Crude prices in Asia jump on robust demand, tight supply
Oil Refineries and storage tanks off the coast of Singapore, May 25, 2020. /CFP

Oil Refineries and storage tanks off the coast of Singapore, May 25, 2020. /CFP

Asian refiners are paying the highest premiums for Middle Eastern and Russian crude oil in about a year due to firm demand and more costly imports from the West, industry sources said.

High prices could prompt refiners to draw down inventories, tightening supply buffers even as the Organization of the Petroleum Exporting Countries (OPEC) and their allies, including Russia, gradually ease supply cuts.

Several popular grades in Asia, such as Oman, Russian ESPO and Sokol crude, are trading at the highest premiums in 11 months against Dubai quotes, according to trade sources and Refinitiv data.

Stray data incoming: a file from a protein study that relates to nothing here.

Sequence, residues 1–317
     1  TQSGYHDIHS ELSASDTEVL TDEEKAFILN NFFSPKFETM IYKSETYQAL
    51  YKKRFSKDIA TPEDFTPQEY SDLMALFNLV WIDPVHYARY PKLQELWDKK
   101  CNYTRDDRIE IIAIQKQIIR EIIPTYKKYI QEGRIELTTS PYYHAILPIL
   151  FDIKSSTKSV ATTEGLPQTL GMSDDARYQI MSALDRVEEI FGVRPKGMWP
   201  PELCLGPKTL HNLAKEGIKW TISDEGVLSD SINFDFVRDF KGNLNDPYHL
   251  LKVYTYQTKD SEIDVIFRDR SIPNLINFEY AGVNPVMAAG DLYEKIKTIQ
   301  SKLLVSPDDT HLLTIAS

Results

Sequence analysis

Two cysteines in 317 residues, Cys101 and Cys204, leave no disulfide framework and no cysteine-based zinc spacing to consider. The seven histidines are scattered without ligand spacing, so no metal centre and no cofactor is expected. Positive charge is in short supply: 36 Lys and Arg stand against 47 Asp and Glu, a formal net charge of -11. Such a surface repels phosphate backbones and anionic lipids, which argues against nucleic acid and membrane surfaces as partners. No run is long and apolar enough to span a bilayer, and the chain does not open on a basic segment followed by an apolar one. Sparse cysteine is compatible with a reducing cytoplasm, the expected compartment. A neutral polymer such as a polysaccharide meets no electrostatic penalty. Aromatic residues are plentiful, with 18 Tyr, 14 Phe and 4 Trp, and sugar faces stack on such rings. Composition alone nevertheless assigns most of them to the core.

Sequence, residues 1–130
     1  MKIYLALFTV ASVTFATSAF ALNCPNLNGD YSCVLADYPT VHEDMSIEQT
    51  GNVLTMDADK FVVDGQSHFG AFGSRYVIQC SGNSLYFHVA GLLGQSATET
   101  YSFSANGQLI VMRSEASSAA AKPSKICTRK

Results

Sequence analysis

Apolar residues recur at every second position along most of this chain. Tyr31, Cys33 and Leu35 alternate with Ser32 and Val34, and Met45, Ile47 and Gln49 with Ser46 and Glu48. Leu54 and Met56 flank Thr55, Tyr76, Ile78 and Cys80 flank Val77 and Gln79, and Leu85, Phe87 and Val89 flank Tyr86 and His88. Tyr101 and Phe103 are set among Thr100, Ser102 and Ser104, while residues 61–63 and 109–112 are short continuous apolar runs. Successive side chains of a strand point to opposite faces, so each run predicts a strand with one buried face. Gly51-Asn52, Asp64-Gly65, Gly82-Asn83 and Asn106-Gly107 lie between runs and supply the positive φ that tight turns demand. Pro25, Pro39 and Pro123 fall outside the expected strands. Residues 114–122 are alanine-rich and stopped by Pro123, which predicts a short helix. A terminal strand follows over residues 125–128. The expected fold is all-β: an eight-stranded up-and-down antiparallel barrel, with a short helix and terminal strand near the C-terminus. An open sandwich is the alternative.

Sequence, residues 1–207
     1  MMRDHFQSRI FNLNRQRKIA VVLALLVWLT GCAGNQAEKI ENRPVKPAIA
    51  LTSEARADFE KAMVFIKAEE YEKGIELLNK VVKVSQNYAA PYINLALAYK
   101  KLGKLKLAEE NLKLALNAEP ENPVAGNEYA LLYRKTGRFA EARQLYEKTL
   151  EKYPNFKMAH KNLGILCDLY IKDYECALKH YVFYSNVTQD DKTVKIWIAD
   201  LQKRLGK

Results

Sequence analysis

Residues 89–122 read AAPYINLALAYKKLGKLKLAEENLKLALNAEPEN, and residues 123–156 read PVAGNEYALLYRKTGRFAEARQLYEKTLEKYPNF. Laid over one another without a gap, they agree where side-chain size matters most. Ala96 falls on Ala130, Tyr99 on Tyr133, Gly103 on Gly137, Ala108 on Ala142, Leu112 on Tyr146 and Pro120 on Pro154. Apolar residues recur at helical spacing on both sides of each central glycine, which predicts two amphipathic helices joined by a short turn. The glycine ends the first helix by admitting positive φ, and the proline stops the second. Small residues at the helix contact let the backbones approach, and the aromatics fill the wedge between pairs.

Spot crude prices in Asia are a leading indicator for global markets, as several of the world's top importers are located in the region. Asian refiners also typically buy oil two months in advance, earlier than other regions.

"Demand is rising, and supply is falling short of expectations, leading to a strong market that is being reflected in physical markets now," Energy Aspects analyst Virendra Chauhan said.

Refineries in Asia are cranking up after maintenance to meet demand during the peak summer season in the northern hemisphere, including during the Tokyo Olympics which starts in July, refining and trade sources said.

While Asian refiners will buy crude to meet baseload demand or the minimum amount of crude required for a refinery, they are likely to draw down inventories for incremental supplies, the industry sources said.

Energy Aspects expects a global crude stocks draw of 2.7 million barrels per day (bpd) in the third quarter, compared with 1.4 million bpd in the second quarter.

Source(s): Reuters

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